Autism Awareness Month

Autism Awareness Month

Kayla Tolly, Staff Writer

The month of April is national Autism awareness month. One in 44 people have autism, making that one percent of the United State’s population. More than 5.4 million adults in the U.S. or 2.2 percent of the U.S. population are on the autism spectrum. 

Autism is increasing in the U.S. because of advances in diagnostic capabilities and greater understanding and awareness of autism spectrum disorder.

The range and severity of symptoms can vary widely. Several factors may influence the development of autism, and it is often accompanied by sensory sensitivities.  

Robert Kordalski, school social worker,  said he would define Autism as “a communicative disorder that impacts people in a wide variety of ways,” Kordalski said.

Special Education teacher Savannah Steinmetz agrees, but added, “autism is very complex and affects everyone differently. I don’t think there is one way to define autism correctly. Everyone is different. There are wrong and right definitions but it’s different for everyone.”

Autism affects people differently but it can cause some people to face challenges in school.

“I think with the learning differences sometimes they can feel like they are further behind than other students in their classes. People with autism also have varying learning disabilities. It is not the same for everybody, it is so different for everybody. I think the hardest part is their needs not being met in classes,” Steinmetz said. 

Despite the possibility of encountering difficulties, autism can also bring advantages. 

Steinmetz said “For some people it can help them academically. Sometimes socially, it is your strong suit, it isn’t as difficult for them and they feel more comfortable talking to anybody. You can be introverted or extroverted, that goes for everybody. If they are locked into one thing that interests them then they could go into a field for that.”

But there are also some misconceptions about autism. 

“I think several of the misconceptions are that; autism is only a childhood condition, autism can be cured, and all students with autism have learning disabilities,” said Kordalski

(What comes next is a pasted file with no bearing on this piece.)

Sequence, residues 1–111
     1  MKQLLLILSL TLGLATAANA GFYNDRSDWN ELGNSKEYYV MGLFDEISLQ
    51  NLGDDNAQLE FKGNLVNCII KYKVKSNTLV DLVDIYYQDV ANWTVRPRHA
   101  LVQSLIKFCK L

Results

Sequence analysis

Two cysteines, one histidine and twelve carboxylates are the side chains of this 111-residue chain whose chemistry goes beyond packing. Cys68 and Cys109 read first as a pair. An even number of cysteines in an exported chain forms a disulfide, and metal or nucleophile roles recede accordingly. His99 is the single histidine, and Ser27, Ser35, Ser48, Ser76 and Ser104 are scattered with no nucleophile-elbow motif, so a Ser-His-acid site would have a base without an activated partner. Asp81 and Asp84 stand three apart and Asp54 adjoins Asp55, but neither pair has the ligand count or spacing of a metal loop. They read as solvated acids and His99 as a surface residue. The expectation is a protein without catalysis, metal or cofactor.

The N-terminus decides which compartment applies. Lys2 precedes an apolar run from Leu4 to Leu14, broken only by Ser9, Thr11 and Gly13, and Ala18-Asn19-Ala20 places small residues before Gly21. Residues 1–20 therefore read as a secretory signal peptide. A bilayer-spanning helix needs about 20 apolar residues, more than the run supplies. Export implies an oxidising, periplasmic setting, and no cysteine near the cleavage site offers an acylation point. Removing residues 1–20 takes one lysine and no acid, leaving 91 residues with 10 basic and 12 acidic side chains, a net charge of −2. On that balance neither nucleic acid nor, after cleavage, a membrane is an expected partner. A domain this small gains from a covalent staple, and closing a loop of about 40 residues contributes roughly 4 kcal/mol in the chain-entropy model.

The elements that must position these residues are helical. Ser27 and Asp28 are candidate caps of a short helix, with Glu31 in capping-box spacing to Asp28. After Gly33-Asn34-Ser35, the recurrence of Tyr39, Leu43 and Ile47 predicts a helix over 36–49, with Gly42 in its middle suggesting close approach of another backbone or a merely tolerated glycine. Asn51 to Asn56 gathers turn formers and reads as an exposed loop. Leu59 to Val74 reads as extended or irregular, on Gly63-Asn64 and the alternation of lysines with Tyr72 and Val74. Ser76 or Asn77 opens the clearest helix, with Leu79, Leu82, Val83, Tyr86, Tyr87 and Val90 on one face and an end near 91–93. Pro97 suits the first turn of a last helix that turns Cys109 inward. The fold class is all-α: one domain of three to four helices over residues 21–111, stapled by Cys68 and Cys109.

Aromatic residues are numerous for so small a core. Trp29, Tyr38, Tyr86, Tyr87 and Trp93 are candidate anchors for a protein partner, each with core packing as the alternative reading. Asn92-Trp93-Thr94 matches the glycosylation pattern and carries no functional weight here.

Dr. Johnny Lewis, special education teacher, gave examples of ways to dispel myths surrounding autism.

“The more we can do to help students include each other in all of the activities in school can make us more comfortable with working with each other, even when we are different. Coming to DHS Unified Special Olympics is a great way to come together with people who are autistic or have special activities.”

It can also be very helpful if teachers set up their classrooms with different needs in mind. 

Kordalski says “Because it can be unique to every individual, it’s best that the teacher meets with the school team and parent to best understand how they can support the student in class.”

Sensory concerns are one area teachers can take into consideration when organizing their classrooms.

Lewis adds, “Every student is different and has different needs. But in general being aware of sensory concerns that autistic students might have, related to noise, texture, or crowded spaces can be helpful.”

It is also important for teachers and peers to remember people communicate in different ways.

Steinmetz says “Autism strongly affects social ability, and communication abilities. Some of it is verbal skills and some of it is social skills. Social anxiety can be really prevalent, eye contact, sarcasm, and social cues can make it really difficult because neurotypical people can’t always understand.”